Watershed management has always been a crucial issue, especially in developing regions where watershed residents are comprised of low-income farmers. The Feitsui Watershed in Taiwan is one such agricultural watershed. Traditionally, the watershed management policy targets only pollution abatement, therefore constraining agricultural and other economic development. These regulatory measures are likely to hamper the local economy and worsen the living situation for farmers. In this paper, I argue that good watershed management should also consider the positive externalities from agriculture. I find that the willingness to pay for farmland amenity is above the profit of agricultural output. Ignoring this amenity value could result in an inappropriate watershed resource allocation. For the best land allocation of the Feitsui Watershed, I argue that the public good nature of land should not be overlooked; all the externalities along with the land development should be identified and carefully considered. This study applies McConnells (1989) model, comparing the net marginal return between agriculture and watershed conservation, taking into account both negative and positive agricultural externalities. The empirical results suggest that ignoring positive externality values from agriculture will negatively impact the social welfare of the society. The current zoning policy is not an efficient land allocation. The allotment of agriculture land in the Feitsui Watershed should be increased to seven percent of the total area.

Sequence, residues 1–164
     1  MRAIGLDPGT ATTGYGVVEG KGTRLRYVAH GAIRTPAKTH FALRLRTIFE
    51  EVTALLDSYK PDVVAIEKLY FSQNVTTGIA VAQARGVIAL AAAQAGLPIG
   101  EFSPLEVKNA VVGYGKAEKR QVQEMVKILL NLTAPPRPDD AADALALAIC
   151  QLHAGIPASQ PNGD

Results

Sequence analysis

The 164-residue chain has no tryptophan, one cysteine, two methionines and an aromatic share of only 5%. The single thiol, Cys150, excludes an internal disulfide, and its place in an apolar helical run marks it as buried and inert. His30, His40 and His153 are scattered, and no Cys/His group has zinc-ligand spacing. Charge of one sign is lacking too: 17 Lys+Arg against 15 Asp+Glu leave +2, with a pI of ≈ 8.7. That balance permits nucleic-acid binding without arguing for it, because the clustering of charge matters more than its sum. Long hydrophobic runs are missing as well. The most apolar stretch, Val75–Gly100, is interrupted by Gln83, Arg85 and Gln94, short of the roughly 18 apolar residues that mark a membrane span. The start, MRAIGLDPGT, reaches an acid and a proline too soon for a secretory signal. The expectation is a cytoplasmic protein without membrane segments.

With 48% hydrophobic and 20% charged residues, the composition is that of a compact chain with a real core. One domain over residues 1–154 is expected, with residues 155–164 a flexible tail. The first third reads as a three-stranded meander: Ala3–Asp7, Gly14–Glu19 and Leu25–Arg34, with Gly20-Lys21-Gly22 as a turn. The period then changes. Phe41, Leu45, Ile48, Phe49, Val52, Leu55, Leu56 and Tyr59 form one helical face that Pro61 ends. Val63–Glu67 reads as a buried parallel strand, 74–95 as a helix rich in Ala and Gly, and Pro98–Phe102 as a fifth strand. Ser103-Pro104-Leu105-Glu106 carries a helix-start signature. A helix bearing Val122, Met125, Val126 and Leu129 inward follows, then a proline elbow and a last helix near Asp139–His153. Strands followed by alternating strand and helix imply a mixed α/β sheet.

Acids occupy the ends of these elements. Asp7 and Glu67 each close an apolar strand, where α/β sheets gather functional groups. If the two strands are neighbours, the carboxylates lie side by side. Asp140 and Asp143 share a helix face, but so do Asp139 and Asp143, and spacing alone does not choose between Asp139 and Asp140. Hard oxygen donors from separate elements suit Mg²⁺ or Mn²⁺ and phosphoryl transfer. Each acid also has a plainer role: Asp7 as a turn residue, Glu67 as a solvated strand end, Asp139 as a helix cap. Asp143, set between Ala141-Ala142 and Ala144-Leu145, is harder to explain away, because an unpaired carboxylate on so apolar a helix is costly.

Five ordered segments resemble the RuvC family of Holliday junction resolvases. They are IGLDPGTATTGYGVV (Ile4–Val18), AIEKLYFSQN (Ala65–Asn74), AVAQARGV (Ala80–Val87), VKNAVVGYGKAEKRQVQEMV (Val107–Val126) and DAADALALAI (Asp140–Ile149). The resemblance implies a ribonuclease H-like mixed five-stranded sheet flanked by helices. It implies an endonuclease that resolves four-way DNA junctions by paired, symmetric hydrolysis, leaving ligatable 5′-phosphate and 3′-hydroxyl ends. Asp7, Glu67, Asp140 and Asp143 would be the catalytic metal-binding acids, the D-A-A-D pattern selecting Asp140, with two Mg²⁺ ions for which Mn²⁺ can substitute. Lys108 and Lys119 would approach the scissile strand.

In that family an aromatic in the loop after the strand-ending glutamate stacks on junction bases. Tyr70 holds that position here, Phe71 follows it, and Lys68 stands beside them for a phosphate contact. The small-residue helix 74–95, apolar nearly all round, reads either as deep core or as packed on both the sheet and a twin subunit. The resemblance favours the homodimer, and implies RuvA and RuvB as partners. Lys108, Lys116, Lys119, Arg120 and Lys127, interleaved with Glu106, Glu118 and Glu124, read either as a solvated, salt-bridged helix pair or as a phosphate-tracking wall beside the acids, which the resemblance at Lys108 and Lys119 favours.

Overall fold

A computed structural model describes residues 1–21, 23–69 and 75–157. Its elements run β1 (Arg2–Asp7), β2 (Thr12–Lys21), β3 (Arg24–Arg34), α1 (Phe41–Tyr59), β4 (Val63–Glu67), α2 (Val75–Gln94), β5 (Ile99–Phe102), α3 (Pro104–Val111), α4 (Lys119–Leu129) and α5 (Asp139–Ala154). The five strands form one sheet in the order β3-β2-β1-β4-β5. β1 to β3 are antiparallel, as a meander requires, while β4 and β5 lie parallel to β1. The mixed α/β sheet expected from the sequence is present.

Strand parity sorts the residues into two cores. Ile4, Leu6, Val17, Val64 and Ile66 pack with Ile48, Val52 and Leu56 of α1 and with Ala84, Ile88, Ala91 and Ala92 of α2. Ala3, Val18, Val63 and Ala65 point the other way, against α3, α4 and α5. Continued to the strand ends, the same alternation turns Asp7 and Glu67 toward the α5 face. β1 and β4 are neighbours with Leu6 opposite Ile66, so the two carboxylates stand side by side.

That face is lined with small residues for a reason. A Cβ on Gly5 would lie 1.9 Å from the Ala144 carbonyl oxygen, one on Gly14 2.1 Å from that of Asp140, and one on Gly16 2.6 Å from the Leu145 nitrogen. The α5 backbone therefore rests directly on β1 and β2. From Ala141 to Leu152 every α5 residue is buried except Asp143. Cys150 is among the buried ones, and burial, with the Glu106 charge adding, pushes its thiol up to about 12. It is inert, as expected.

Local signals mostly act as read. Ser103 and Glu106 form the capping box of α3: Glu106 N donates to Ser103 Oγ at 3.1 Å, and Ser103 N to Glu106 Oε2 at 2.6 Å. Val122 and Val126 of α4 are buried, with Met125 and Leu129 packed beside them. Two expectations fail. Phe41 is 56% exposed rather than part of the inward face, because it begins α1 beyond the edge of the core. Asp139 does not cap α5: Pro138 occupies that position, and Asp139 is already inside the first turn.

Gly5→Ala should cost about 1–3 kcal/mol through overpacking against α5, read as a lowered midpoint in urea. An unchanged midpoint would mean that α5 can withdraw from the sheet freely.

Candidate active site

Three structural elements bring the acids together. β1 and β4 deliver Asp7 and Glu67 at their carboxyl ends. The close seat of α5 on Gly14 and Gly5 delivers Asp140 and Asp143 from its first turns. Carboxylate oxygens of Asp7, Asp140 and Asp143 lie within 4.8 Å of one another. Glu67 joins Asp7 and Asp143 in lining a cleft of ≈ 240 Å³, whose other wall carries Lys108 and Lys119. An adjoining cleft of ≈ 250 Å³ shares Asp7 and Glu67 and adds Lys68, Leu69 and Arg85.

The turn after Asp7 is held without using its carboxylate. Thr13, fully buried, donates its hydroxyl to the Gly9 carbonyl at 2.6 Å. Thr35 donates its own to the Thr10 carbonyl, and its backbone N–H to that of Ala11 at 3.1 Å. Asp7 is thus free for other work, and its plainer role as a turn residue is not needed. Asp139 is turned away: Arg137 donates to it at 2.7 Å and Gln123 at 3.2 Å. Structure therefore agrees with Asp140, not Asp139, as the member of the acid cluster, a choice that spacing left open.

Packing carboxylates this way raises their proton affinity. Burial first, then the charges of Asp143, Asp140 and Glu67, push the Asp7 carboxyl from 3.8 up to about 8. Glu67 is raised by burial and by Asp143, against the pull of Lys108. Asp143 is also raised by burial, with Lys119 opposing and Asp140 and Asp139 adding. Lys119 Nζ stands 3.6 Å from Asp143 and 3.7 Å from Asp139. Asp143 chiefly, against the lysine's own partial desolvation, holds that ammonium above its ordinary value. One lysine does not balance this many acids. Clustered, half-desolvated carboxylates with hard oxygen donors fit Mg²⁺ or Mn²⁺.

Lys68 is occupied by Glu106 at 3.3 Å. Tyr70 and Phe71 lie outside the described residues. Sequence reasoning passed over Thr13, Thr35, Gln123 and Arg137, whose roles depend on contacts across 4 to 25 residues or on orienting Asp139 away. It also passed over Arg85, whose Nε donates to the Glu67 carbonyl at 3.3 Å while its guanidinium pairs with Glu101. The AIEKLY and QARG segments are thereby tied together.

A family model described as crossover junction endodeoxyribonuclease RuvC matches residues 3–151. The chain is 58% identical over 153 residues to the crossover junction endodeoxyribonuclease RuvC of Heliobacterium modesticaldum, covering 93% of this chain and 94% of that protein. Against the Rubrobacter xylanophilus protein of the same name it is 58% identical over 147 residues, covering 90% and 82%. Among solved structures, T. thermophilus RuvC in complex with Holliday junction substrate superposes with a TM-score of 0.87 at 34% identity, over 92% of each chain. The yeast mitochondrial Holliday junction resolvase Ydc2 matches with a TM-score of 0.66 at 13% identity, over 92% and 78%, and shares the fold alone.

Level of Degree
Department of Economics
First Committee Member (Chair)
framland allocation, externality, watershed, amenity value
Chang, Chi-Hsin. "Optimal Land Use for Watershed Management—a Case Study in the Feitsui Watershed." (2011). http://digitalrepository.unm.edu/econ_etds/27